Beginners Guide to FPV Part 1


You’ve probably seen some impressive videos of FPV (First Person View) drones flying around tight obstacles or following a dirt bike as the rider launches off a dirt ramp. If you’re like me, then those videos make you excited to get out there and try filming similar shots yourself. However, there are some important things to consider before you jump into the FPV world with both feet.

This article is meant to act as a guide for beginner FPV drone enthusiasts. If you are researching FPV and trying to make a decision about whether or not to make the plunge, then you are in the right place.


Should I buy a DJI-type drone or get an FPV drone instead?


Probably the most important question to ask yourself before you start making any purchases. To answer this, you need to know the answer to three other questions: What is my intent/purpose for buying a drone? What is my budget (really)? How much time do I have to invest in drones? We will get to the last two questions later, but let’s answer the first question now.


What is my intent/purpose for buying a drone?


Normal Drone

A drone like the DJI Mini 3 Pro is great for capturing slower moving objects, or anything stationary like stunning scenery or architecture. The cameras on these drones are very good and allow you to capture crisp video and images. Maximum speed on a drone like this is typically tops out between 30 and 40 MPH.


Some activities that people use these drones for are weddings, real estate photography, vlogging, nature photography, and sometimes for family events. Depending on which model you get, you can make some professional-grade footage from these drones.


FPV Drone

FPV drones are built for high-speed activities. They all have built-in cameras (that transmit the video signal to your goggles), but these are usually only to assist the pilot in flying and are low-quality. That means that you need to have an additional camera mounted on top to record anything useful. There are many options that we won’t go into here, but one of them is to use an action camera like the GoPro Hero 10 Black Bones.


Pilots use these drones for racing, capturing fast-moving objects like cars, nature flybys, architecture flythroughs, or for freestyle/acrobatic sessions. These drones are “unlocked”, so to speak. They can perform maneuvers like flips and rolls that normal drones can’t.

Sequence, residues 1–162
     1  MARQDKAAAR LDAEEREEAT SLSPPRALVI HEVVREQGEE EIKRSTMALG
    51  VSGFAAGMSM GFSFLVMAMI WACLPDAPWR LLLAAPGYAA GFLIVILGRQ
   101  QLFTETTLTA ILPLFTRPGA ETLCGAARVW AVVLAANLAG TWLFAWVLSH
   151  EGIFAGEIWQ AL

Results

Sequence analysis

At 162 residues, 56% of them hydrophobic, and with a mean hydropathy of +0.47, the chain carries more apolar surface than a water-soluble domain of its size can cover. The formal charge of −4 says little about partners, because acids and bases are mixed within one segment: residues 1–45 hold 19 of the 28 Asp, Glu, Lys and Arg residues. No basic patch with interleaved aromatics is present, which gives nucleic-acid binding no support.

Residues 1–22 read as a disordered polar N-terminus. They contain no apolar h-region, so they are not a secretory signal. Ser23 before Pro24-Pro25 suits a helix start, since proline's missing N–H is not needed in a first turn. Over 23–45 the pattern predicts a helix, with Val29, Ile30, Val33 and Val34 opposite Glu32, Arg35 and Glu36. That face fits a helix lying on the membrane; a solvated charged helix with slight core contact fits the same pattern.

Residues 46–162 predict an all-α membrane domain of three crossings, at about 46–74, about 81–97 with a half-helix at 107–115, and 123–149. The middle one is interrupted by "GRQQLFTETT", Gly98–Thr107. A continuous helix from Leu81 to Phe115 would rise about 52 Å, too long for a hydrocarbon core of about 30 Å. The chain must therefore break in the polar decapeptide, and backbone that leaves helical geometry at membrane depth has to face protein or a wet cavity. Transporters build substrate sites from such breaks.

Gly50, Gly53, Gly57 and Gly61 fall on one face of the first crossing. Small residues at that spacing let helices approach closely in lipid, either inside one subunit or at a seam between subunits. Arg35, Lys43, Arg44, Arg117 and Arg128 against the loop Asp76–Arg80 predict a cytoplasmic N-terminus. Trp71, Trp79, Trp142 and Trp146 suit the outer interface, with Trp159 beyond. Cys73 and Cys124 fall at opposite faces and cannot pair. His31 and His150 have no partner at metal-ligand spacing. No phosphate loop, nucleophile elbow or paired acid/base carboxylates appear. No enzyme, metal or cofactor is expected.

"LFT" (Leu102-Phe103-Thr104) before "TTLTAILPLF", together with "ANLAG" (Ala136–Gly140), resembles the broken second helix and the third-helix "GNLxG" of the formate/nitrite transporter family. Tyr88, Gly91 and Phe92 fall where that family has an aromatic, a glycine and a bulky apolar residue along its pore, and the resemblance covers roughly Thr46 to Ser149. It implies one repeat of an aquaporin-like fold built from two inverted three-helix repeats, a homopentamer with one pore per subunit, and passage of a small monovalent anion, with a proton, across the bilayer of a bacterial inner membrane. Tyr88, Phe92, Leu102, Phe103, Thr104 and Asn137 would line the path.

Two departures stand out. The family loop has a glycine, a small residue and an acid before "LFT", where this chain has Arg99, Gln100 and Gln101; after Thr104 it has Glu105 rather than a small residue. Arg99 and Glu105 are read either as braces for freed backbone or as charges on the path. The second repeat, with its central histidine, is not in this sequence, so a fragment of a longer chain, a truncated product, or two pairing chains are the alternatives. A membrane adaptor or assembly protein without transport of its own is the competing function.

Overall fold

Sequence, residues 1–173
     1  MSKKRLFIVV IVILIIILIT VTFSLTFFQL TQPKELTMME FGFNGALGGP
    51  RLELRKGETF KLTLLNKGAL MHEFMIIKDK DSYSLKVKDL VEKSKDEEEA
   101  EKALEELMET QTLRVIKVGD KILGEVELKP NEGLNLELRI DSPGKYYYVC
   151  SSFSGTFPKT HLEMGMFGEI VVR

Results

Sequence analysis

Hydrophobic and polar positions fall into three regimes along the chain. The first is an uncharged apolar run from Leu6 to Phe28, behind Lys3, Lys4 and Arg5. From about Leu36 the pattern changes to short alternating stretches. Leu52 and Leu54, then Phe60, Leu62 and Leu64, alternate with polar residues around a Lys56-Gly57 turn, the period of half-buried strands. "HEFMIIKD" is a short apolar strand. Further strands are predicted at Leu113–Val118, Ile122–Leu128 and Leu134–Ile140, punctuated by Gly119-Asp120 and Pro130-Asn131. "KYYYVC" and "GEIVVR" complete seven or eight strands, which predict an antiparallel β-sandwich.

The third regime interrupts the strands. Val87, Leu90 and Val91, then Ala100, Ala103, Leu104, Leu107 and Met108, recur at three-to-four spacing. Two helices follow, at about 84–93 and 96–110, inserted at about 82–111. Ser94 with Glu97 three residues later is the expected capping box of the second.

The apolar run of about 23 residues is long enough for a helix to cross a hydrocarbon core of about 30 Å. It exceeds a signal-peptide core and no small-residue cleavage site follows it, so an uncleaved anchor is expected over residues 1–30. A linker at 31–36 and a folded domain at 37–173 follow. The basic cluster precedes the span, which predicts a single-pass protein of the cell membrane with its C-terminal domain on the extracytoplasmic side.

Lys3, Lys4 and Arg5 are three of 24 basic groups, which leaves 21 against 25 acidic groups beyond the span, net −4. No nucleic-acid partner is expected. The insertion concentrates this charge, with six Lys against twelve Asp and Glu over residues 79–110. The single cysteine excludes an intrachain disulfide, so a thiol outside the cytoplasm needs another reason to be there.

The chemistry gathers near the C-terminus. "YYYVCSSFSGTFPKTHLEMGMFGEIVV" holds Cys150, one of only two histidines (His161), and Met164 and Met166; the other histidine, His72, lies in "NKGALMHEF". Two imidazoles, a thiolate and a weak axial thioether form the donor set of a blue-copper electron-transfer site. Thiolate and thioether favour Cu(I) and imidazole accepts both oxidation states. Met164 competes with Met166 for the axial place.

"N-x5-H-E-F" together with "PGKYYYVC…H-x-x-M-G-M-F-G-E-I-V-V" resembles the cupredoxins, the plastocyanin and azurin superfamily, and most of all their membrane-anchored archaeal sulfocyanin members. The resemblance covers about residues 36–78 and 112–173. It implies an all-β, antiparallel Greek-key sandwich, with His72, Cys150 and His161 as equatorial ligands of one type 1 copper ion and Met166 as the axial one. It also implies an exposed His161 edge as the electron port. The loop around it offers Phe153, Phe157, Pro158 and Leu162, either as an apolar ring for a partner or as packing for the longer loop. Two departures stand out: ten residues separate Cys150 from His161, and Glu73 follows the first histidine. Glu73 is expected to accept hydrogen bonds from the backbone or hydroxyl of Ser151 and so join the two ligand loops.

Something in-between

Luckily, there is a third option for drone enthusiasts that want to be able to fly FPV yet still have a normal drone too. The DJI FPV Drone merges the two together for the first time. This drone is fast and you can toggle FPV flying mode on and off at will. There is even an emergency air brake button that will stop your drone and hover at any time. Of course, anything like this is going to have some concessions. For example, the camera isn’t as good as many other DJI models and you can say goodbye to repairing this drone yourself if you crash it. However, this is a great option for beginners who want a taste of FPV.



How much does an FPV drone cost?


You can buy a good pre-built FPV drone or build one yourself for $200 - $350. However, that doesn’t account for the entire FPV system. Besides the drone itself, you need to buy a lot more equipment to start flying such as goggles, a transmitter, batteries, and battery chargers. A conservative estimate would be about $1000 to start flying from scratch. Add a few hundred more to that if you want to get the best equipment.

A good piece of advice for first-timers is to make a list of all the parts you are going to need and look up prices before you buy anything. For some reason it always seems to be more expensive than you originally think, and that may be a big deciding factor for you. There are several parts guides out there that can help give you a better idea for prices.


Are FPV drones hard to fly?


The short answer is yes, they are difficult to fly. You can’t expect to power on the drone for the first time and fly it around well. Everyone in the community will tell you that you are going to crash your drone several times, especially while practicing to fly.


The good news is that FPV drones are usually easy to repair. If you aren’t good with your hands, then you’ll have to brush up on some soldering skills to do this, but it’s nothing too complicated and there are several videos out there that walk you through it.

Also, there are simulators available on the internet to practice flying before you even get in the air. The prices for these are cheap and average around $15 - $20. Check out this list of FPV simulators for more details. I chose to purchase Velocidrone and have been pretty happy with it so far.


What you should takeaway from this section is that you are going to need to invest time into learning to fly (and possibly learning to repair). I think that almost anyone can master flying a normal drone in an hour. However, you are probably going to spend 5+ hours in the simulator alone before you are even ready to take-off for real.



Decision Time


Hopefully this article has been a valuable part of your research journey and that you are now able to make a decision about which type of drone you’d like to buy. Check out my other FPV articles or stay tuned for more content to help you in the journey!


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